Deadwood Passes Deadline

 DEADLINE:  the Un-Deadwood Movie

Olyphant Olyphant

The movie sequel to the three-season HBO series Deadwood is not dead as a doornail after all. It’s not even moribund.

HBO gunned it down ten years ago in a shootout shout-out, and it took as much time for writer/producer David Milch to resurrect it with nearly the entire original cast. (Powers Boothe left us a few years ago, and he is not noticed or mentioned here).

For two weeks we have heard the words “Shakespearean” applied again and again to this Western. Yes, they talk funny with Swearingen leading the way with swearing in iambic pentameter. Ian McShane is the scene-stealer emeritus.

An odd thing happens when a show tries to reset after the sunset: actors either look like they have aged twenty years, not ten, or others look like they had to step out of a time machine to reappear.

A few flashbacks remind us of how much the actors have changed in a decade.

We won’t spoil it by saying who looks ancient, and who held up. That may be the real suspense. Suffice it to say that boyish Timothy Olyphant has aged into Western star Sam Elliott, one of his old villains from Justified.

Others like William Sanderson and Jeffrey Jones have looked perennially old for 30 years. No news here.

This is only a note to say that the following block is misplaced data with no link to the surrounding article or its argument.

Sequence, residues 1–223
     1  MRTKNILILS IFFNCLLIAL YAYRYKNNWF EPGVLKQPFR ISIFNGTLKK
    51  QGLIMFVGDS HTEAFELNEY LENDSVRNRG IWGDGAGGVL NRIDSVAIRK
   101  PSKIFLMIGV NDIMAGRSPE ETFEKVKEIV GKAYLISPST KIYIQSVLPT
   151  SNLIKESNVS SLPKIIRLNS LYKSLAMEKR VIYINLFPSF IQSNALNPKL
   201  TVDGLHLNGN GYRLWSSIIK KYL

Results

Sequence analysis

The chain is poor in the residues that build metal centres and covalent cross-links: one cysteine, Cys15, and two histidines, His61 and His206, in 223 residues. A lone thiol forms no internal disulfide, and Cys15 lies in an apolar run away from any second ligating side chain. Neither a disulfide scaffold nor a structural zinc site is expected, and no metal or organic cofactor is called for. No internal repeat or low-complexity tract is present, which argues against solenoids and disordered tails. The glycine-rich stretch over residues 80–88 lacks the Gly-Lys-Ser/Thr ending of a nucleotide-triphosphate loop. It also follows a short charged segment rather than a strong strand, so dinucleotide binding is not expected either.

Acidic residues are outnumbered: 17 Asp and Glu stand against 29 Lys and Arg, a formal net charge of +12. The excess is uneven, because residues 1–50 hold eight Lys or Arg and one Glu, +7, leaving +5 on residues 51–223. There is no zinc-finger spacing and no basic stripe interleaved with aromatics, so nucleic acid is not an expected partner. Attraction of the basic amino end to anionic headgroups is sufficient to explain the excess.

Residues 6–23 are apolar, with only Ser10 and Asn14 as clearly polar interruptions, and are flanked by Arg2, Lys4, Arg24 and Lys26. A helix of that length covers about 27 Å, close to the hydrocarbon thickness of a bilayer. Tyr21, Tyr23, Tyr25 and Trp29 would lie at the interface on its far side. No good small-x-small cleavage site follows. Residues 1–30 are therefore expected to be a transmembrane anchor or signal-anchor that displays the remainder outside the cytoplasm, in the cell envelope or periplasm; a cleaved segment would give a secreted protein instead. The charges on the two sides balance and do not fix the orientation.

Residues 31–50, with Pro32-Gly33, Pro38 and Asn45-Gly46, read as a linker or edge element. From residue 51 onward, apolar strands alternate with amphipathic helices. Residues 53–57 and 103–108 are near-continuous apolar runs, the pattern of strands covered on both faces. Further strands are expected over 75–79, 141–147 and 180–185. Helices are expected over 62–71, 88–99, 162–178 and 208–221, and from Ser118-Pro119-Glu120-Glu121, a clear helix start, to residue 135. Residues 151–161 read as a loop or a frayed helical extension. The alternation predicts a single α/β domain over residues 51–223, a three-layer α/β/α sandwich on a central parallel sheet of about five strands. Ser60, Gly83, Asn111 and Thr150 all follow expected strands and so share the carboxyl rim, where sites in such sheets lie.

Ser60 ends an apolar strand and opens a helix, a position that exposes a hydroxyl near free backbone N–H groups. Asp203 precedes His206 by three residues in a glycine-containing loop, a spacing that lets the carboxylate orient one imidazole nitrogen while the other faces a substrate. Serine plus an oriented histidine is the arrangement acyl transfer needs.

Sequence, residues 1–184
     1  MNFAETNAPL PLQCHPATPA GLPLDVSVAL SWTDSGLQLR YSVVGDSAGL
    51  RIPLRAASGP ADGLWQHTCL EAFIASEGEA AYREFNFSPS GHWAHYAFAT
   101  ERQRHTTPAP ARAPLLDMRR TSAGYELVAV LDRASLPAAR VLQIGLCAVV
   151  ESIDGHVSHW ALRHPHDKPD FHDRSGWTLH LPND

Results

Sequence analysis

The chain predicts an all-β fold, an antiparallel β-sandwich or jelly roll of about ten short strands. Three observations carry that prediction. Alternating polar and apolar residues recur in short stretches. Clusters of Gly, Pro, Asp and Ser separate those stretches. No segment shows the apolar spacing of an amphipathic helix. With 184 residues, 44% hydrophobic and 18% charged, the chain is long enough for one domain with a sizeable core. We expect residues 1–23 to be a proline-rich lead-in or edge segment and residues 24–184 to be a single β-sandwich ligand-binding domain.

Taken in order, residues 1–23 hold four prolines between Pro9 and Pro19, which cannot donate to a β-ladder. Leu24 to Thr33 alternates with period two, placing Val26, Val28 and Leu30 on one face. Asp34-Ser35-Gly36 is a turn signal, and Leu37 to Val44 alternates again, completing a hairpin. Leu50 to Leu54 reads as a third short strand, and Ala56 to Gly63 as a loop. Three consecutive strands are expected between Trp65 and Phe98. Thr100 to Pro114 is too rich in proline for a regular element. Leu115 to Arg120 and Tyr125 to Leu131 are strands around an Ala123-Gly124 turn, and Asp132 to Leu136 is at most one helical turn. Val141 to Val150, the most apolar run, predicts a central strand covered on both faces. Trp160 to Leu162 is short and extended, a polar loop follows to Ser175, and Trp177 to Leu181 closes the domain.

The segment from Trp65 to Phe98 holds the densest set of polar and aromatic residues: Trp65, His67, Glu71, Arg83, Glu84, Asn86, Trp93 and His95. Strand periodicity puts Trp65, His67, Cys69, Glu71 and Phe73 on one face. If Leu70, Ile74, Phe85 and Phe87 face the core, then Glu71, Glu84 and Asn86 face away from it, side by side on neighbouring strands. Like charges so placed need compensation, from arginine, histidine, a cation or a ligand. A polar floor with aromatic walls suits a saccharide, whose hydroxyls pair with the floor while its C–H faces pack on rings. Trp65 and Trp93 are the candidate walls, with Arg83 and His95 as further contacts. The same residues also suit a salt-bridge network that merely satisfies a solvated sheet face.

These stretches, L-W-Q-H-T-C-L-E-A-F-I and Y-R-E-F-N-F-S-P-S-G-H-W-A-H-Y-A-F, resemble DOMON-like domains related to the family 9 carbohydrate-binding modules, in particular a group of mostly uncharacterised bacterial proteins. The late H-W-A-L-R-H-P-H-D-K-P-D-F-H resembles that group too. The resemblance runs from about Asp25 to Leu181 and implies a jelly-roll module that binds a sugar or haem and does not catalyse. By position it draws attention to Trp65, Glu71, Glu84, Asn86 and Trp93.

As for the characters and characterizations, everyone is the same, just moreso. Perhaps that is the real secret of aging: you just get worse in your worst habits.

As for the script that has rankled some fans, you will have to understand that these kind of shows usually center upon birth, marriage, funerals, auctions, and deaths. Yup, we have them all in spades.

Deadwood’s statehood celebration is crashed by Gerald McRaney, the house villain, who returns as a California Senator Hearst who brings the 19th century Internet with him: yes, he is putting up telephone poles for profit.

Fear not. It is still the wilder West and shoot-outs are bound to occur near the local bordello.

Robin Weigert’s Calamity Jane looks like she is caked in dirt, but she was already an international celebrity by the time of this show (1889).

Many characters don’t have much to do—and do it for a few lines.

We wouldn’t have missed this reunion show for the world of kindling wood, nor dead heroes. It even beats having Marshall Dillon and Miss Kitty show up twenty years after their show Gunsmoke ended in a sequel movie.

The West never loses its allure.

Sam Elliott’s Hero within a Hero

 DATELINE:  Movies for the Older Audience

 Elliot & Ross The Hero    Katherine Ross & Sam Elliot

Film director Brett Haley seems to have cornered the senior citizen/golden-ager demographic with his latest film, The Hero.

It stars aged in wood cowboy actor Sam Elliot as an aged in wood cowboy star.

You couldn’t ask for a better representative of the old-fashioned saddletrap. Elliot relives part of his career with clips from a movie-within-a-movie called The Hero.

Whether he turns out to be the hero of his own life, the pages of Edna St. Vincent Millay may show. We are a sap when it comes to movies that use metaphors from Edna, as one of her bittersweet poems dominates the movie’s climax.